Description of mapping file fields
|CUSTOM_DOMAIN_URL||true||api.private.example.com||Desired custom URL for private API.|
|PRIVATE_API_URL||true||https://a1b2c3d4e5.execute-api.us-east-1.amazonaws.com/dev/path1/path2||Execution URL of targeted private endpoint|
|VERBS||false||[“GET”,” POST”, “PUT”, “PATCH”, “DELETE”, “HEAD”, “OPTIONS”]||
This property would be used to create API Gateway resource policies.
You can provide one or more verbs as a comma separated list. If this property is not provided, all verbs are permitted.
Using API Gateway resource policies for private endpoints
To allow access to private endpoints from your VPCs or from VPCs in another account, you must implement a resource policy. Resource policies can be used to restrict access based on specific criteria such as VPC endpoints, API paths, and API verbs. To enable this functionality, follow these steps:
- Complete the infrastructure as code (IaC) deployment.
- Create or update an API Gateway resource policy in the provider accounts (such as Account B and Account C). This policy should include the VPC endpoint id from the shared services account (Account A).
- Deploy your API to apply the changes in provider accounts (such as Account B and Account C).
To update the API Gateway resource policy with code, refer to the documentation and code examples in the GitHub repository.
Deploying updates to the mapping file
To add, update, or delete a mapping between your custom domain and private endpoint, you can update the mapping file and then rerun the deployment using the same steps as before.
Deploying subsequent updates to the mapping file using the existing infrastructure as code pipeline reduces the risk of human error, adds traceability, prevents configuration drift, and allows the deployment process to follow your existing DevOps and governance processes in place.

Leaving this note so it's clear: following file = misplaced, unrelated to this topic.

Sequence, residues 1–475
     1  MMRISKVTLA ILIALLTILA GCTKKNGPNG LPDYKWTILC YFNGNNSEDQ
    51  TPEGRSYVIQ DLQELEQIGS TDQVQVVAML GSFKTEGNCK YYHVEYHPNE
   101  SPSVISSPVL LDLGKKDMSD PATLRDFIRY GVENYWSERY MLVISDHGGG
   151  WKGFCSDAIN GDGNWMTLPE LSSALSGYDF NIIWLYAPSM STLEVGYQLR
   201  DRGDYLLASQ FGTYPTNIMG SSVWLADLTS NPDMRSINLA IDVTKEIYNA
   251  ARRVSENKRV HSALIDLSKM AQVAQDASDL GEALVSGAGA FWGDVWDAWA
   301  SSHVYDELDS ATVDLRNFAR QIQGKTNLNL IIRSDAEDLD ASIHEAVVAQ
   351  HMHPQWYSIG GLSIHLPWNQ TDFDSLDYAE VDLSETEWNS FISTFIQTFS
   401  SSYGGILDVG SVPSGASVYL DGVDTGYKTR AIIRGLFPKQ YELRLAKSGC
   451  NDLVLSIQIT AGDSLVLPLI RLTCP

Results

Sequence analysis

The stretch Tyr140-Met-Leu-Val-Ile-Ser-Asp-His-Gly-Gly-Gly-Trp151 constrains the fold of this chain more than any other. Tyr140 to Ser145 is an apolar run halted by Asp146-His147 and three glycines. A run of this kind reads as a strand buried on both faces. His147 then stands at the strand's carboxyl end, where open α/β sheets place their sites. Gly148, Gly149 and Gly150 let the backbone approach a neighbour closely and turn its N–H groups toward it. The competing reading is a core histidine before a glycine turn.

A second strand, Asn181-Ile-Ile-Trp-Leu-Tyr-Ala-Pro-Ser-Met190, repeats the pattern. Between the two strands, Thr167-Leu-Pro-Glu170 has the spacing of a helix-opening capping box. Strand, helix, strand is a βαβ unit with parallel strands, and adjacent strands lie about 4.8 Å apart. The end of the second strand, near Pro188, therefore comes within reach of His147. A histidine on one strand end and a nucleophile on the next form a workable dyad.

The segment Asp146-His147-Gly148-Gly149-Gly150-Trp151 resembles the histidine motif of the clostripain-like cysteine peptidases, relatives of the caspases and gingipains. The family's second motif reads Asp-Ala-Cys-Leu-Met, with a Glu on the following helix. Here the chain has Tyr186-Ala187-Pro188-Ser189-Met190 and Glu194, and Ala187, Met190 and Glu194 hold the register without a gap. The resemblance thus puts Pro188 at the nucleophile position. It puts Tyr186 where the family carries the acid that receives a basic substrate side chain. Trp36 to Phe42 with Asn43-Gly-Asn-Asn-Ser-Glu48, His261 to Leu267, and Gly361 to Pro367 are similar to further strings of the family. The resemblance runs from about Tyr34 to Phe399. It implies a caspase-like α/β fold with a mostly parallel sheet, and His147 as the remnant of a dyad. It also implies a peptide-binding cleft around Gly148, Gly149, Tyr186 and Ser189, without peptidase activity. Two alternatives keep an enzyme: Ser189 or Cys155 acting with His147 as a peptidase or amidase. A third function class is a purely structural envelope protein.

For example, you could store the configuration mapping file in a separate source control repository and commit each change to that repository. Each change could then trigger a deployment process, which would then check the configuration changes and conduct the appropriate deployment. If required, you could introduce gates to enforce either manual checks or a ticketing process to ensure that change control processes are enforced.
Understanding cost of the solution
Most of the services mentioned in this solution are billed according to usage, which is determined by the number of requests made.
However, there are a few services that incur hourly or monthly costs. These include monthly fees for Route 53 hosted zones, hourly charges for VPC endpoints, Elastic Load Balancing, and the hourly cost of running the NGINX reverse proxy on Fargate. To estimate the cost for these options based on your specific workload, you can utilize the AWS pricing calculator. Here is an example outlining the approximate cost associated with the architecture implemented in this solution.
This blog post demonstrates a solution that allows customers to utilize their private endpoints securely with API Gateway across AWS accounts and within a VPC network by using a reverse proxy with a custom domain name. The solution offers a simplified approach to manage the mapping between private endpoints with API Gateway and custom domain names, ensuring seamless connectivity and security.